Imagine you were deprived of learning your first language for most of your childhood and isolated from those who use it.
For many of the estimated 12,000 children in Australia with significant hearing loss, this has been the case.
The 2015 Young Australian of the Year, Drisana Levitzke-Gray, is from a deaf family, learned Australian sign language (Auslan) as her first language, and is a proud advocate for change.
Change what, you ask? The treatment of deaf children in our country.
More than 90 per cent of deaf children are born to hearing parents, and often these parents are strongly recommended against the use of sign language with their children.
Ms Levitzke-Gray believes this is a result of one dominant ideology in the medical profession and society, that "speech and listening equals language", with no understanding that Auslan is a language just like any other.
Doctors advise against it because it "isn't natural", but Ms Levitzke-Gray explains it has its own structure, grammar and syntax, as well as being visual, 3D and incredibly expressive.
She passionately believes it should be recognised as a "basic human right".
"Each and every human on earth has a right to be able to fully communicate and express themselves, for deaf people in Australia, Auslan is exactly that".
Doctors perceive sign language as a last resort, instead urging parents to try to "fix" the "problem" of deafness with expensive therapies and hearing aids to help their children hear and speak – the only way to "succeed in society," according to Ms Livitzke-Gray.
David Brady, CEO of Hear For You, which mentors and supports young deaf people and their families, thinks the old assumption of "deaf and dumb" is still prevalent in today's society.
"That assumption is still going because the state government and the federal government do not have our overall national priority on the hearing and deafness issue."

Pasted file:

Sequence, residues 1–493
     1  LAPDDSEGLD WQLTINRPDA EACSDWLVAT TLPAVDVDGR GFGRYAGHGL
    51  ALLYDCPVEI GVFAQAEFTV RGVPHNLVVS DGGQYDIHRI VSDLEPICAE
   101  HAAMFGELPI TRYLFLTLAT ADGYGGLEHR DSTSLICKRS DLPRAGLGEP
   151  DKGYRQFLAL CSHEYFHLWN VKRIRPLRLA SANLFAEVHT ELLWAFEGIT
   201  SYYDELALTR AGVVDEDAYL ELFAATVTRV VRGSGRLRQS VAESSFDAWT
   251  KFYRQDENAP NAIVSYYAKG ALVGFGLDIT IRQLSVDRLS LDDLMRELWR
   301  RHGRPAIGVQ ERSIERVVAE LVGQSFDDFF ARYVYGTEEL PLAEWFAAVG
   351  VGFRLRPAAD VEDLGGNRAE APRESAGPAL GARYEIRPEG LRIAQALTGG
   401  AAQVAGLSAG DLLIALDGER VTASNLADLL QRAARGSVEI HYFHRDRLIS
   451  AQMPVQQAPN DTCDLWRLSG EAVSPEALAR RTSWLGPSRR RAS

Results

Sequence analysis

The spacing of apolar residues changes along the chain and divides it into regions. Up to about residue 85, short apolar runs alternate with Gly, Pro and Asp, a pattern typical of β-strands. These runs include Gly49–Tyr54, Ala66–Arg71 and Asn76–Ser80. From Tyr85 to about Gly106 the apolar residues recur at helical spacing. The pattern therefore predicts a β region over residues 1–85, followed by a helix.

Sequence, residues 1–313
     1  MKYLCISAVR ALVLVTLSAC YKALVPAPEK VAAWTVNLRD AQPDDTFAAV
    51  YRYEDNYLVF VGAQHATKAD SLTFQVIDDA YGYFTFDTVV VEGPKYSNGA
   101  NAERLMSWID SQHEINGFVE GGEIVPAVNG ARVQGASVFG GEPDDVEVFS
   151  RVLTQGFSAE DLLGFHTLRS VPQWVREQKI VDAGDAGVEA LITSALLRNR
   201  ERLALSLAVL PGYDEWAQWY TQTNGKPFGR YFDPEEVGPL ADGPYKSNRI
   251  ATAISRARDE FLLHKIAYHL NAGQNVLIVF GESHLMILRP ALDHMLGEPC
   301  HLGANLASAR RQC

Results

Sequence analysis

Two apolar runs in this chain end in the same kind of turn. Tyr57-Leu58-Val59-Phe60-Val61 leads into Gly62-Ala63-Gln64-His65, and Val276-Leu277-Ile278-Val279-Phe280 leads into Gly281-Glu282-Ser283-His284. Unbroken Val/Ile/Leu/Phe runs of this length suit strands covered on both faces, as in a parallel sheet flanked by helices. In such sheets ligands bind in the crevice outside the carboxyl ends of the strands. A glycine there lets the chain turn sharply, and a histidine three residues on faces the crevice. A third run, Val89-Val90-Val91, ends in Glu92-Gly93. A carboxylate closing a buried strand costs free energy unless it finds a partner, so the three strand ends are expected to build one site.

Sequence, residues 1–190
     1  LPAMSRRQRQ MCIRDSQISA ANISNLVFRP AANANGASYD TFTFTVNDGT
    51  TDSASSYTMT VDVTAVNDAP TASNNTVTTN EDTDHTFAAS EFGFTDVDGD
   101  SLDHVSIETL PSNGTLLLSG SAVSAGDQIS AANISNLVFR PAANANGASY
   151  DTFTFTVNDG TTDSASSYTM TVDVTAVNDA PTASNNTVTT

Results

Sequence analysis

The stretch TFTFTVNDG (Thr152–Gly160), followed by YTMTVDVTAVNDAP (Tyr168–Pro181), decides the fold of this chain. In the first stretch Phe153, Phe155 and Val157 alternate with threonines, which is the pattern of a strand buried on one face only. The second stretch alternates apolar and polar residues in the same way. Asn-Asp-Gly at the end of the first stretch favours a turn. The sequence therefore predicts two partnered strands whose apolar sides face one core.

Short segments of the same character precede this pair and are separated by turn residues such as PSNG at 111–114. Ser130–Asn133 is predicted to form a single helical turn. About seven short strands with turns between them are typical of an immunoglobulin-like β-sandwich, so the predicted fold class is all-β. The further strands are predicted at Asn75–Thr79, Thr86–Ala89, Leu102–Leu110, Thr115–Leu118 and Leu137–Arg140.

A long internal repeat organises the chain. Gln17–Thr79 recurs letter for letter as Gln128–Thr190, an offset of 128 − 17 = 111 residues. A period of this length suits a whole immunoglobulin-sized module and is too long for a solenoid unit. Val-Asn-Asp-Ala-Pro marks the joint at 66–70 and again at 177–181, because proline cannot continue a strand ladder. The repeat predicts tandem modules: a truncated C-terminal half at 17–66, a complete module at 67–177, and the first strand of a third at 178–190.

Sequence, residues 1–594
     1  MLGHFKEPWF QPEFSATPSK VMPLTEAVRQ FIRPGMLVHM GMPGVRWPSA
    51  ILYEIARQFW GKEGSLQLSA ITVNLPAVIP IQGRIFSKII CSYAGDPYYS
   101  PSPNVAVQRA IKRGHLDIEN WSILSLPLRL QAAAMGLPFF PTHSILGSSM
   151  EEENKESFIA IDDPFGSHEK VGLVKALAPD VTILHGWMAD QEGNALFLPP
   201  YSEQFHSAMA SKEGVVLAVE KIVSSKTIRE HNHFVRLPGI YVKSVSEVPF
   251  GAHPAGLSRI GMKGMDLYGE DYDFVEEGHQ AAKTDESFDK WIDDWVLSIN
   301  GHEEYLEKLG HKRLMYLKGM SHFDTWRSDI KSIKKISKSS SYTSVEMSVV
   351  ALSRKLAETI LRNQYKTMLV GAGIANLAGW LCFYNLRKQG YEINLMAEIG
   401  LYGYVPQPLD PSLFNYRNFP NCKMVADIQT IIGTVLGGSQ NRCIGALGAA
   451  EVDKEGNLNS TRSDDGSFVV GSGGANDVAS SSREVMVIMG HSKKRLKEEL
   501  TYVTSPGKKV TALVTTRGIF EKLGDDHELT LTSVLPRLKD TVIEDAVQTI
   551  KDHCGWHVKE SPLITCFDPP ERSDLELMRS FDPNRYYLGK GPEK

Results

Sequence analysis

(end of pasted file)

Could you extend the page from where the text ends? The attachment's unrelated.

Mr Brady admitted the government has stepped up by altering the national school curriculum to include Auslan as a Language Other Than English (LOTE).
He said this is vital because deaf children "need a family or community where they can practice and be able to develop and create their own style and language, and the challenge that they face here is if they come from a hearing family – which is 90% of families – that's just really hard".
However, Ms Levitzke-Gray explained that some benefits of learning Auslan early would be missed by the time children start school.
She said the "brain is a sponge" which retains information and language most effectively before the age of six, and it is therefore "critical for deaf children to have full language acquisition during this period, to be bilingual and bicultural, which will ensure they grow up with good language and cognitive skills".
While most deaf babies are not learning Auslan in this crucial developmental period, there is a movement called Baby Sign Language promoted for hearing babies because of its health benefits.
By preventing young deaf children from learning Auslan, they are separated from others in the deaf community, and as adults they often have low self-esteem and have difficulty communicating and socialising, Ms Levitzke-Gray said.
Kyle Miers, CEO of Deaf Australia, a national organisation for deaf Australians, thinks this largely comes back to how the medical society views their community.
"Rather than looking at how they can accommodate the holistic needs of a person, they perceive deaf people as a substandard level, not being able to achieve a lot in education and in the work place," Mr Miers explained.
Similarly, Mr Brady emphasised that deafness is a "challenge" in need of support, not a "problem" that requires fixing.
"This community does not see themselves as medical issues, they see themselves as a social issue, where language plays a big part in their everyday lives".
While introducing Auslan into the school curriculum is a gigantic step in the right direction, Ms Levitzke-Gray, Mr Brady and Mr Miers all have inspiring visions for further change.
Mr Miers urges the government to provide more funding to the deaf community, and establish a National Deaf Centre that would "provide holistic support for families with deaf children… staffed by both deaf and hearing professionals which will show that it is possible for a deaf child to grow with confidence".
Mr Brady wants more power given to deaf children and their families to decide if and when they want to utilise Auslan.
Ms Levitzke-Gray hopes the government will someday understand her view that discouraging children to learn Auslan – and have them grow up with limited skills and more mental health issues – is a heavier burden than investing in the facilities and resources to have them learn the language from birth.
She hopes that being deaf will be seen as deaf gain, not hearing loss, because "ultimately we should be celebrating the deaf community, the variety and exciting sign languages all over the world".
"What we have is beautiful, it is enriching, and we would love to share this with you all".